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Title: Methods and Strategies for the Ab Initio Design of Novel Mn Oxide-Based Water Splitting Photocatalyst Materials
Authors: Kanan, Dalal K.
Advisors: Carter, Emily A.
Contributors: Chemistry Department
Keywords: Catalysis
Metal oxide
Quantum mechanics
Solar energy
Theoretical chemistry
Subjects: Chemistry
Materials Science
Physical chemistry
Issue Date: 2013
Publisher: Princeton, NJ : Princeton University
Abstract: Photoelectrochemical cells (PECs) use sunlight to drive endoergic reactions such as carbon dioxide reduction to fuels or water-splitting for renewable hydrogen production. However, materials that combine both the efficiency and low cost needed to make solar-powered catalysis a practical reality have yet to be discovered. This thesis presents methods and new design strategies for developing novel, efficient, robust, and inexpensive photocatalysts based on transition metal oxides (TMOs). Quantum mechanics methodologies are developed and tested for their ability to predict the properties of known materials and then used to predict how altering the composition by alloying and doping with abundant elements affects optical, electronic, transport, and catalytic properties. Modeling TMOs poses significant challenges to density functional theory (DFT), the workhorse of electronic structure calculations. We test various DFT approximations for their ability to predict the ground state properties of MnO. Additionally, a first principles scheme for determining the band edge placements with respect to vacuum is proposed and tested for several materials. Greenfs function (GW) and embedded correlated wavefunction (ECW) theories are used to study excited state properties. We compare several ECW approaches that use electrostatic or orbital-free-DFT-based embedding potentials for predicting excitations within MgO as a prototype. We find ECW theory with an electrostatic description of the background significantly improves predicted energetics over standard DFT or non-embedded CW methods. The first material considered for photocatalysis is MnO, the bio-inspired solid state analogue of the photosystem II active site. GW theory with input from hybrid DFT and ab initio DFT+U capably predicts the photoemission/inverse photoemission (PE/IPE) band gap and dielectric properties. An ab initio value of U-J = 3.5 eV for Mn"<super>2+</super>" was determined using unrestricted Hartree-Fock theory on cluster-size-converged electrostatically embedded clusters. The lowest-lying excitations in MnO, studied using ECW theory, are found to be single Mn d-d ligand field excitations (~2.5 eV, ~10<"super>8</super>" s lifetime), followed by double d-d excitations (~5.2 eV, ~10<"super>6</super>" s lifetime), Mn 3d-4s excitations (~6.3 eV, ~10"<super>-3</super>" s lifetime), and higher-lying O 2p-Mn 3d ligand-to-metal charge-transfer (LMCT) excitations (~10.1 eV, ~10"<super>-4</super>" s lifetime). The longer-lived transitions should exhibit better electron-hole pair separation and enhance photoconductivity depending on ease of carrier transport. While MnO possesses suitable band edge energies, its band gap is too large for efficient sunlight absorption. We predict alloying MnO with ZnO in varying amounts reduces the PE/IPE band gap (to 2.6 eV for the 1:1 alloy) while preserving potential redox reactivity. Optical excitation studies show alloying lowers the LMCT transition to ~8.3 eV leaving all other absorption properties relatively unchanged. We find near degeneracies among spin-allowed and spin-forbidden LMCT states that could facilitate intersystem crossing (ISC) resulting in longer lifetimes. We suggest seeking other materials that exhibit similar LMCT excitations but that are visible-light activated as a design strategy for further enhancing photon conversion efficiencies. Additionally, several dopants (Al, Ga, In, Sc, Y, Ti, Sb, Gd, F (n-type dopants) and Li (a p-type dopant)) were assessed for their ability to enhance conductivity in MnO:ZnO. We find Ga, Sc, Ti, F, and Sb dopants create deep traps whereas In forms shallower traps that merit further investigation. In contrast, Y, Al, Gd, and Li dopants should increase the carrier concentration while maintaining favorable electron and hole transport pathways. The adsorption and oxidation of water on MnO:ZnO(001) surface was studied with ab initio DFT+U calculations. The computed phase diagram for the water/MnO:ZnO(001) interface reveals the surface is quite hydrophilic with the half-dissociated 1 ML (2 ML) structure being most stable under water-poor (water-rich) conditions. For the gas phase water oxidation reaction, we compute a thermodynamic overpotential of 0.82 V without yet modeling reaction kinetics or solvation. The overpotential mainly results from the *OOH intermediate being too weakly bound to the surface because of a loss of resonance stabilization in the adsorbate. We suggest judicious doping as a way to stabilize *OOH and potentially reduce the overpotential to just 0.05 V (for 0.5 ML reaction coverage).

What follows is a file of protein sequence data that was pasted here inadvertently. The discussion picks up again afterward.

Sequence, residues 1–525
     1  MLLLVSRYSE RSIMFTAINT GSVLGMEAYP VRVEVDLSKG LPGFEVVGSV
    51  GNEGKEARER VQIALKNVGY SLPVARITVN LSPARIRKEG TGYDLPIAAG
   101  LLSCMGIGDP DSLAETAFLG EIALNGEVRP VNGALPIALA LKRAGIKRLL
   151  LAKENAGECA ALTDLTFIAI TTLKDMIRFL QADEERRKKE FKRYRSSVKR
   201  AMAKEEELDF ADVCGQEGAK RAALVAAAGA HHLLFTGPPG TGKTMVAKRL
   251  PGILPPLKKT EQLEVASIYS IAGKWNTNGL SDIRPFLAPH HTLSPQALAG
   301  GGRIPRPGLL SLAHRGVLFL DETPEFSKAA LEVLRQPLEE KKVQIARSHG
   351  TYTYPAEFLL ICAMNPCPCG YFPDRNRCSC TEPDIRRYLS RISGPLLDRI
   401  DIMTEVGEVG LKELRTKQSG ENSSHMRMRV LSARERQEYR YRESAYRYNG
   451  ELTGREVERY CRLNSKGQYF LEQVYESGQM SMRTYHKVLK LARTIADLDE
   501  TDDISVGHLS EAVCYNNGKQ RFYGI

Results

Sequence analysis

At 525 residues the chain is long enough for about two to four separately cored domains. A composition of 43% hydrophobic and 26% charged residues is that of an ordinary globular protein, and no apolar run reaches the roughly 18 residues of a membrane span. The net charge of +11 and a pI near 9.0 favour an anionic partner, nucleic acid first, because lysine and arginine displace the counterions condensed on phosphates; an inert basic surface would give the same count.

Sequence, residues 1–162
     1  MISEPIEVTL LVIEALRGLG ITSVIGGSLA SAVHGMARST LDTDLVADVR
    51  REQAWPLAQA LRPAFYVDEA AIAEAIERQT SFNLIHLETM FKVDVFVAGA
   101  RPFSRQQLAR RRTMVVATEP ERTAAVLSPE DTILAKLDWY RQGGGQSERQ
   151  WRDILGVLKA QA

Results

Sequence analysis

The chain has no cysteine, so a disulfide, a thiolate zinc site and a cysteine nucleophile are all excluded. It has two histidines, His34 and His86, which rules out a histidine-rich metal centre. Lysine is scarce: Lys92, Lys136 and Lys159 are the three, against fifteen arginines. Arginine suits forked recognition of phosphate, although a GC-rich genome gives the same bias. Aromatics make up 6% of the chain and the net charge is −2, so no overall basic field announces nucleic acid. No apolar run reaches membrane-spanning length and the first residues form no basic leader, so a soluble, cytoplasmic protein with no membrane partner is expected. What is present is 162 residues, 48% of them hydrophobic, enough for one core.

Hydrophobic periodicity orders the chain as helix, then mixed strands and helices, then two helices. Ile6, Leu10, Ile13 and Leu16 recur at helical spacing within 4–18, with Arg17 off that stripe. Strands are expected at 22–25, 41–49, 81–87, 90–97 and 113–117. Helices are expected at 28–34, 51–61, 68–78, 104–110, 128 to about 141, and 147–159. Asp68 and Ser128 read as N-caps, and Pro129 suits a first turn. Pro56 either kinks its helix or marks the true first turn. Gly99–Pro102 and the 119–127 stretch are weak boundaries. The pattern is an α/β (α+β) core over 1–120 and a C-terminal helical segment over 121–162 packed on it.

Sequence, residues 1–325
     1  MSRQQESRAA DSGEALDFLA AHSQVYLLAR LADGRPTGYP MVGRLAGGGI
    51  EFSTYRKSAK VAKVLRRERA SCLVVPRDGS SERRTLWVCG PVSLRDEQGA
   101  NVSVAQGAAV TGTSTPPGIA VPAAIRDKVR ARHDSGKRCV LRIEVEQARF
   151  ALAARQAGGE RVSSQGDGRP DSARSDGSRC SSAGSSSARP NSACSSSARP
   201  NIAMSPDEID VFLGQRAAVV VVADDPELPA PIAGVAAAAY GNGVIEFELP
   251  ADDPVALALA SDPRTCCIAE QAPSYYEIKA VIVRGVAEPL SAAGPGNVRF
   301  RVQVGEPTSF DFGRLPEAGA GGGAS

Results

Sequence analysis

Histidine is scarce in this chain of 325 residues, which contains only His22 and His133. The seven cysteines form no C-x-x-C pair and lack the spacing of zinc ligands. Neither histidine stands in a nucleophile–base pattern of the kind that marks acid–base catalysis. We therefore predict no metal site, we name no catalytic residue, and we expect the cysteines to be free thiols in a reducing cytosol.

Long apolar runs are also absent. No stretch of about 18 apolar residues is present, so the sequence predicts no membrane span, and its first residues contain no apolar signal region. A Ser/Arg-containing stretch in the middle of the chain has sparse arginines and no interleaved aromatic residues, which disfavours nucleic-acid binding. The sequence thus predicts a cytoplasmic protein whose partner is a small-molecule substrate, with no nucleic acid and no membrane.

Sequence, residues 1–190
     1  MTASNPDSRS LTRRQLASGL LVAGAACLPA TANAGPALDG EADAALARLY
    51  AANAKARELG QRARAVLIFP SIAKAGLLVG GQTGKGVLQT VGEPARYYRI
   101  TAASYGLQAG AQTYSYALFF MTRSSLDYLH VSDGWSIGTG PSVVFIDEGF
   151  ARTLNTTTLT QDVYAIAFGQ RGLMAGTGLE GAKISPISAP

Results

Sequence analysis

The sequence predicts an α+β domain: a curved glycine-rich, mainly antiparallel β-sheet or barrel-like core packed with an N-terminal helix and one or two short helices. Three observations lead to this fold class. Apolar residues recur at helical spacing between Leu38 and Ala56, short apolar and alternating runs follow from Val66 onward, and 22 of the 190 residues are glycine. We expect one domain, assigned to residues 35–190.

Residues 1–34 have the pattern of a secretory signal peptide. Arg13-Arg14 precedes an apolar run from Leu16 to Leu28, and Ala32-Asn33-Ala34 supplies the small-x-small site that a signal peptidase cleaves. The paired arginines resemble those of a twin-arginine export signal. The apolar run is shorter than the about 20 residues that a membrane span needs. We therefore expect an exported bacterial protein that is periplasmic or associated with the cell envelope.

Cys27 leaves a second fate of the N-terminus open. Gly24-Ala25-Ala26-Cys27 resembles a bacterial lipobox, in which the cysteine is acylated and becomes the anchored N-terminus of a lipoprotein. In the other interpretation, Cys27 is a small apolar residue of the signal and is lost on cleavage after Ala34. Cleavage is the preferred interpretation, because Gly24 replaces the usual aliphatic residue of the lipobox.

Alternate format: The Mudd Manuscript Library retains one bound copy of each dissertation. Search for these copies in the library's main catalog
Type of Material: Academic dissertations (Ph.D.)
Language: en
Appears in Collections:Chemistry

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